Five Indiana health centers join initiative to combat alcohol and substance abuse
FOR IMMEDIATE RELEASE
BLOOMINGTON, Ind. -- Staff from the Indiana Prevention Resource Center at Indiana University Bloomington have begun working with five health centers in Indiana to implement a new procedure to evaluate all adult patients for risks associated with alcohol and substance use.
The centers are preparing to implement a strategy known as screening, brief intervention and referral to treatment, or SBIRT, into their standard primary care. The approach has shown promise for addressing excessive drinking, which studies have shown to be a growing problem in Indiana and across the U.S.
"Addressing this concern is a team effort," said Mallori DeSalle, SBIRT outreach coordinator and research associate at the Indiana Prevention Resource Center. "We are working to decrease hazardous drinking by bringing public health strategies to strengthen prevention, which builds a more holistic approach to health care."
The five Indiana centers are Boone County Community Clinic in Lebanon, Foundations Family Medicine in Austin, Greene County Health in Worthington, IU Health Ball-Family Medicine Residency in Muncie and WindRose Health Network Inc. Countyline Center in Indianapolis.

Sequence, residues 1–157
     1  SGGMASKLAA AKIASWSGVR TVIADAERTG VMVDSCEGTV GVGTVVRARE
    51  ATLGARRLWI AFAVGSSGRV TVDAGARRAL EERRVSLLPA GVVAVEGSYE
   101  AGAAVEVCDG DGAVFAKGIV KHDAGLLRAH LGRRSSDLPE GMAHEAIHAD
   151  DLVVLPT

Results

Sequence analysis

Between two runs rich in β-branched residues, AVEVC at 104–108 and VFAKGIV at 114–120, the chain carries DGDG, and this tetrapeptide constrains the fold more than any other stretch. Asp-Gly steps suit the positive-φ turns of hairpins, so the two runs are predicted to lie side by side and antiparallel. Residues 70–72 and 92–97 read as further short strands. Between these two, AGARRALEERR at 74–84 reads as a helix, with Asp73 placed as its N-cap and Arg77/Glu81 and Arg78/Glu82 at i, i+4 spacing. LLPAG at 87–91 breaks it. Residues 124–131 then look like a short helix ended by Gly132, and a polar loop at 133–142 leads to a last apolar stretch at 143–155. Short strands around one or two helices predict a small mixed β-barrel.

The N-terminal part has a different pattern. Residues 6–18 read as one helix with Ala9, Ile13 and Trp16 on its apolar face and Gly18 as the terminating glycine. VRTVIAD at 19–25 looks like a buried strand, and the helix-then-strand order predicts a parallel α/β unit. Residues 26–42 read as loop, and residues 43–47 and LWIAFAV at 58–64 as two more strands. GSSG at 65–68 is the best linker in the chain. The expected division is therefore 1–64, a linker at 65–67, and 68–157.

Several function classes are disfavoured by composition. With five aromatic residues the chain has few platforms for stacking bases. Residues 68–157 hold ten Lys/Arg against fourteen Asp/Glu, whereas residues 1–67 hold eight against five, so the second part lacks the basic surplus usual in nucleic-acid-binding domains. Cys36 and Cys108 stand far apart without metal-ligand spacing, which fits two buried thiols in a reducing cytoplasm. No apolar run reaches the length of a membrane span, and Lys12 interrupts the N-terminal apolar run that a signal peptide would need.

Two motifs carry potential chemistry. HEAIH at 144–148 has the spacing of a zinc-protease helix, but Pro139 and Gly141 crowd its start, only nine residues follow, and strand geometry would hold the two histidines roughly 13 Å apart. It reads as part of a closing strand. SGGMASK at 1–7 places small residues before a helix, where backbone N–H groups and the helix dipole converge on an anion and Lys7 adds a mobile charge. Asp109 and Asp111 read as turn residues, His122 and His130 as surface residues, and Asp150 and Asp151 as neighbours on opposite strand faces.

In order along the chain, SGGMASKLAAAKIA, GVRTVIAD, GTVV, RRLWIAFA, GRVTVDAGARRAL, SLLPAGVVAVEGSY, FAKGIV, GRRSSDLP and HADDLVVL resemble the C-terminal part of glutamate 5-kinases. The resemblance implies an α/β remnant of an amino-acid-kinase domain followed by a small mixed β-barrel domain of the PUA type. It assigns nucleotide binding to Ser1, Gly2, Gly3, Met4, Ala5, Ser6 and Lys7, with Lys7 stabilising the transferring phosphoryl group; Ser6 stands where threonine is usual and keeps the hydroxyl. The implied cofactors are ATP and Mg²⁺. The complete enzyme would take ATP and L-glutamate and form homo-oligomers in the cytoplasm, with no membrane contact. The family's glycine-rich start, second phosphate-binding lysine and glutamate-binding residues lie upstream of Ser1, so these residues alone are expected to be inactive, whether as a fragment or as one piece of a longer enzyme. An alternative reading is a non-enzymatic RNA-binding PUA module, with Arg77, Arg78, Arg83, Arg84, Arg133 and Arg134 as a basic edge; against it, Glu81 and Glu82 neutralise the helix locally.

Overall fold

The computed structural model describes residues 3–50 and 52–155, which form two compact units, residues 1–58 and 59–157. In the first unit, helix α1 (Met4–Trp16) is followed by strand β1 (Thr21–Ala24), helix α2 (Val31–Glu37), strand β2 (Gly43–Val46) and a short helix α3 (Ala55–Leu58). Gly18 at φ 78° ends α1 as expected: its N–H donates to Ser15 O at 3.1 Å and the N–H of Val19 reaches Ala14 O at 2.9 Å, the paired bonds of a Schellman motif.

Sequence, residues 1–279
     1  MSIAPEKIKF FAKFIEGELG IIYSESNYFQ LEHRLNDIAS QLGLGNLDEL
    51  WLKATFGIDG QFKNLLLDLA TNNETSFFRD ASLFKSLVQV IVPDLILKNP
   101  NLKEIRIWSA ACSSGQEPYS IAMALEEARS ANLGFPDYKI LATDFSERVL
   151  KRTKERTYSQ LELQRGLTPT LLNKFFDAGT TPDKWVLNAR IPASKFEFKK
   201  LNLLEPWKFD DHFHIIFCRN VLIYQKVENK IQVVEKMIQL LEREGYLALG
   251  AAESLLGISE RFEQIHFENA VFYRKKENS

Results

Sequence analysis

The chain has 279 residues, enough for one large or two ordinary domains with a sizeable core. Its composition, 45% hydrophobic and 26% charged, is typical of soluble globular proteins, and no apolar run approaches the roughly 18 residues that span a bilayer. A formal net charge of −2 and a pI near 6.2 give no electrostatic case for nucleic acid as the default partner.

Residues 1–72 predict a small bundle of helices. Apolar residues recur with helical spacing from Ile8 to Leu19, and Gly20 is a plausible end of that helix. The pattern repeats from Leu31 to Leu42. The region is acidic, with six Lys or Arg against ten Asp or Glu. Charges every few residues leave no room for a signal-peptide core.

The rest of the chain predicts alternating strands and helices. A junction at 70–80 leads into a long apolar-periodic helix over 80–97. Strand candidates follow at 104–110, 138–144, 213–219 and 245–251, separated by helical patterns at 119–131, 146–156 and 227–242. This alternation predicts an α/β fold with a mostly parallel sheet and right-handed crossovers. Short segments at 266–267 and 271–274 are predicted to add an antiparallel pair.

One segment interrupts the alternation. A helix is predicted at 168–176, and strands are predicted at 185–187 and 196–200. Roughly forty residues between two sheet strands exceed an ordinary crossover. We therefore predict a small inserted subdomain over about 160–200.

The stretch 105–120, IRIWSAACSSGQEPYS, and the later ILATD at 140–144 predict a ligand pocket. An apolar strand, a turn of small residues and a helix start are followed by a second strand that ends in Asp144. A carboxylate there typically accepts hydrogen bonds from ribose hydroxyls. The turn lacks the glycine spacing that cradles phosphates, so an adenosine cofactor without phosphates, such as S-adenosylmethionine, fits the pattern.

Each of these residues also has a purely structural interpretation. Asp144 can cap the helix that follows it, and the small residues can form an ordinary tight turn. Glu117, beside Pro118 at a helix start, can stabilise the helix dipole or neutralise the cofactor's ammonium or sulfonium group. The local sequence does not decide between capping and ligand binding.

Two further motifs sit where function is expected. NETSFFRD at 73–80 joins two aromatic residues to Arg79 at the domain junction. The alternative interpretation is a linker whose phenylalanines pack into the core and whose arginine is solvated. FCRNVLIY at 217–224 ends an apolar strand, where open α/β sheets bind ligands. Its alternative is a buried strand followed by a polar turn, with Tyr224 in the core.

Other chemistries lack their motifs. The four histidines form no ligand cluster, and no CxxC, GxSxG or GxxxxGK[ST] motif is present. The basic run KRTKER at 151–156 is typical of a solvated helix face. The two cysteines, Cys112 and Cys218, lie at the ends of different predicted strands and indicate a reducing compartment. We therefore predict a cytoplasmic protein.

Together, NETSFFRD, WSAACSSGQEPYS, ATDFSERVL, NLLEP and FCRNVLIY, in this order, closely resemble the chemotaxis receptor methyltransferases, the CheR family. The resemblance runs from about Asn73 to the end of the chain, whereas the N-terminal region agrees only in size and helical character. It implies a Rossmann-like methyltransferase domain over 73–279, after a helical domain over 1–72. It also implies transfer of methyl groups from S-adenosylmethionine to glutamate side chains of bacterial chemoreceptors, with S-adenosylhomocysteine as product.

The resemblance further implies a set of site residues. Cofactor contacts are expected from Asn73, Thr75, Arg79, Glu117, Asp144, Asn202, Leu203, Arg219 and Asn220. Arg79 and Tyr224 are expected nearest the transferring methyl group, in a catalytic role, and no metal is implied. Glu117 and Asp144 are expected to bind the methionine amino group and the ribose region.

Over the next 18 months, each will receive $55,000 in seed funding as well as support from the Indiana Prevention Resource Center to assist in implementing SBIRT into adult primary care services. They are joining 17 other health care centers in Indiana to expand SBIRT services to reach diverse communities.
SBIRT aims to assess the level of alcohol or drug use and effectively identify patients who may benefit from a short conversation about their behavior. This brief discussion within a doctor’s appointment can help improve health while also addressing behavioral health issues like substance use.
"We hope that SBIRT will enable us to better understand the integration between primary care and behavioral health, so that we are able to better serve our community members and offer them the high quality care they deserve," said Cara Gambill of Greene County Health.